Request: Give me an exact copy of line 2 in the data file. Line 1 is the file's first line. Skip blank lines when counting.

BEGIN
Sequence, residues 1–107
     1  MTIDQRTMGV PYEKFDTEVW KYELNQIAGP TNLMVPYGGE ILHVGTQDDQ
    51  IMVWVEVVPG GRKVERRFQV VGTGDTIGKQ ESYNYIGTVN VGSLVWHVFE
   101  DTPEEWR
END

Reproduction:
     1  MTIDQRTMGV PYEKFDTEVW KYELNQIAGP TNLMVPYGGE ILHVGTQDDQ